12 June 2011

Signing for independence

Far off the South China Sea is the contested islands of Paracel and Spratly. China used to sail around them 2,000 years ago, particularly during the Han dynasty (206-220 A.D.). China’s awareness of the islands grew, however, during the T'ang Dynasty (618-906 A.D), as it would frequent them in their navigation. Thus, China didn’t make any formal claim of sovereignty on the islands, thinking that their country is “the centre of a universal state,” anyway.

Documents of the country’s presence since the 19th century were also consistent. There were tombstones and household utensils from Emperor Tongzhi (1862-75), as well as rice, trepang and tortoise shells from traders of Hainan.

In 1876, though, the Chinese ambassador to England wrote a formal act of a sovereignty claim over the Paracel Islands. The Chinese also expelled a German survey team circling the Spratly Islands in 1883. The French government then enforced a treaty allocating almost all of the Spratly Islands to China. It is arguing today that the treaty refers to the northern part of the South China Sea only.

China has renamed the entire Spratly Islands as the Nansha Islands. Its islets are referred to as Yung Shu Jiao, Huayang Jiao, Nanxun Jiao, Duolu Jiao, Chigua Jiao, Zhubi Jiao, Dongmen Jiao, Loaita Cay, Shuangzi Jiao, and Niue Jiao after the common labels Fiery Cross Reef , Cuarteron Reef, Gaven Reef, Johnson Reef, Subi Reef, Kerman Reef, Loaita Cay, North Danger Reefs, and Whitson Reef, respectively.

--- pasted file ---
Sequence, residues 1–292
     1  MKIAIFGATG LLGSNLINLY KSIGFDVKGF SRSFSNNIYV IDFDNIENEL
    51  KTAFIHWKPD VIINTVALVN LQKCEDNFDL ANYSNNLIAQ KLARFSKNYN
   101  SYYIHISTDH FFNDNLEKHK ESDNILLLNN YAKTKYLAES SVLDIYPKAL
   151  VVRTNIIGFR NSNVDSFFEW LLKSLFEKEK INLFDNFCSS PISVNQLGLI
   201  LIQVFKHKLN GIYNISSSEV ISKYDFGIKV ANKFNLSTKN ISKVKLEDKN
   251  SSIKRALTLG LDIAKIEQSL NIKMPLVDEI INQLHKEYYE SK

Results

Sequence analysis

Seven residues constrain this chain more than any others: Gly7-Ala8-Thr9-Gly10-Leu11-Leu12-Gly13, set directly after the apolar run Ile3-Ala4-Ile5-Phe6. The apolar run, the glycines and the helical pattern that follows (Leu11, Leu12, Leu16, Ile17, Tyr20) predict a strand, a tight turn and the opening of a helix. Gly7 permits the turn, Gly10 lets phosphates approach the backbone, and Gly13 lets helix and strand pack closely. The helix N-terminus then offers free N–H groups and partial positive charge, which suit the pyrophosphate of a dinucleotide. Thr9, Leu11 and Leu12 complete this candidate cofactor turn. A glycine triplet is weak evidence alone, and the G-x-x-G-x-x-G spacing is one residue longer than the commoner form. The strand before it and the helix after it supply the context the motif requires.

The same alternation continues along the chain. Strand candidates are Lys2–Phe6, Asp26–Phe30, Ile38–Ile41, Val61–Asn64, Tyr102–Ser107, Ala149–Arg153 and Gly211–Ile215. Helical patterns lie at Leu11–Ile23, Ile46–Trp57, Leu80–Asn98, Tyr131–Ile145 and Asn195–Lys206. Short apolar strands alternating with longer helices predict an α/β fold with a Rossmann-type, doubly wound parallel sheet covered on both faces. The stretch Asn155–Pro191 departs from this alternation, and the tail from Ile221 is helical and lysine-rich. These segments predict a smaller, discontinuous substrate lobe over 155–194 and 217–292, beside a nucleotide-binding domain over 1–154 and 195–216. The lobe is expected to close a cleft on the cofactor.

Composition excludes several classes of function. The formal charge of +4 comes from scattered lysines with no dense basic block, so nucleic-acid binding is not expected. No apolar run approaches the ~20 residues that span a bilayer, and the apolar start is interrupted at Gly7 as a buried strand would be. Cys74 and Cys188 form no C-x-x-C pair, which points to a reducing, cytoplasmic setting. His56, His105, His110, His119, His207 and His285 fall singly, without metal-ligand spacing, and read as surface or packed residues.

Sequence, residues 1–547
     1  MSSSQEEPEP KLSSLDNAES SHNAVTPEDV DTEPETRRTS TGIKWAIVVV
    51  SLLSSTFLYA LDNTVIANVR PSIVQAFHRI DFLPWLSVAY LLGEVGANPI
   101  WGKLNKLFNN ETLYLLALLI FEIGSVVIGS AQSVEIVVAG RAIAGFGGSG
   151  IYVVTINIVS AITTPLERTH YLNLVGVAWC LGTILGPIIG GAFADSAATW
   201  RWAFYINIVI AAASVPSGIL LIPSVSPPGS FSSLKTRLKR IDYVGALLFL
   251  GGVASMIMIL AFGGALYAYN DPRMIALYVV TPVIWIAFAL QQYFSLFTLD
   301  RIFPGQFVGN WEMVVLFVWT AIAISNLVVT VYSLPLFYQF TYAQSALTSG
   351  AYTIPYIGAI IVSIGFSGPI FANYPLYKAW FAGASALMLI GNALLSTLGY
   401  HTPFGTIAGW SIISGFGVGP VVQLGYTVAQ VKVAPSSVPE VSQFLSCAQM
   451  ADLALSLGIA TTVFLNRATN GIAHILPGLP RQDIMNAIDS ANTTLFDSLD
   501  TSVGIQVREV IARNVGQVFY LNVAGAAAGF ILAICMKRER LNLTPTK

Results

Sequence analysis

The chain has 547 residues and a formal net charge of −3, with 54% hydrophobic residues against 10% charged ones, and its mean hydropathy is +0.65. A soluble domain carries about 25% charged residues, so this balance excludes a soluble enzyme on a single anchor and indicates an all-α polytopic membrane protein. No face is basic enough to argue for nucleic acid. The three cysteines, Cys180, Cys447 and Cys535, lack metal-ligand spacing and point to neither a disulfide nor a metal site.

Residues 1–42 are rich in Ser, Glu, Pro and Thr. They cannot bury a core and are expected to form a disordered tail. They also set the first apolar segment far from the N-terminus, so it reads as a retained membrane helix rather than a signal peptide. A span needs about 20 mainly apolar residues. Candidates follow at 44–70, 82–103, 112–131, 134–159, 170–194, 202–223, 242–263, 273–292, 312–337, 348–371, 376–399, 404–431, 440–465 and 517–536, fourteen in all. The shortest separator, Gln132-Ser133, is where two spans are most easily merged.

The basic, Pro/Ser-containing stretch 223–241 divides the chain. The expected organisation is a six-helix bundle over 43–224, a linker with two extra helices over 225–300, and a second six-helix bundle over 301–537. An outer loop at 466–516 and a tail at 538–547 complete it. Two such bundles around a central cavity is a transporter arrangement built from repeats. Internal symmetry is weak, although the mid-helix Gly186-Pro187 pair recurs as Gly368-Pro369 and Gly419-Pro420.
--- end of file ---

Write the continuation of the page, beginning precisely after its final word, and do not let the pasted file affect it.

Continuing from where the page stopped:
Taiwan has it simple. The Convention on the Continental Shelf, which was signed at the Geneva Conference on the Law of the Sea in 1958, awarded the Diaoyutai Islands (Pinnacle Islands) to it. Also, Taiwan has maintained a base on Itu Aba (Taiping Dao Island), the biggest island in Spratly, since 1956. This gives Taiwan sovereignty over it, as well as the exploitation of the area’s resources.

Taiwan and its Kuomintang government are the true China, its people assert. So whatever island conferred to China belong to it. Taiwan also worries that ownership of the Spratly Islands of China and/or Vietnam would give the latter monopoly on the South China Sea.

The Taiwanese also calls the Spratly Islands the Nansha Islands. It claims the Zhengping Reef, Haining Reef, Zengmu, and Tungsha, which are internationally labeled as Sterra Blanca, Herald, James Shoal, and Pratas, respectively.

If there is one advantage Vietnam has from the other countries claiming the Spratly Islands, it would be its detailed history. It was still named Dai Viet when its people thrived by the Biển Đông (South China Sea). It fought the Dutch there during the 17th century, and made voyages to where no state has claimed.

The Vietnamese feudal state, therefore, discovered Hoàng Sa (Paracel Islands), which the Kergariou-Locmaria expedition (1787–1788) described as composed of two different archipelagoes 500 km apart. Their Institute of National History contains information about Hoang Sa. It is mentioned in the Đại Nam nhất thống chí (Geography of the unified Dai Nam), the official book on geography of Vietnam.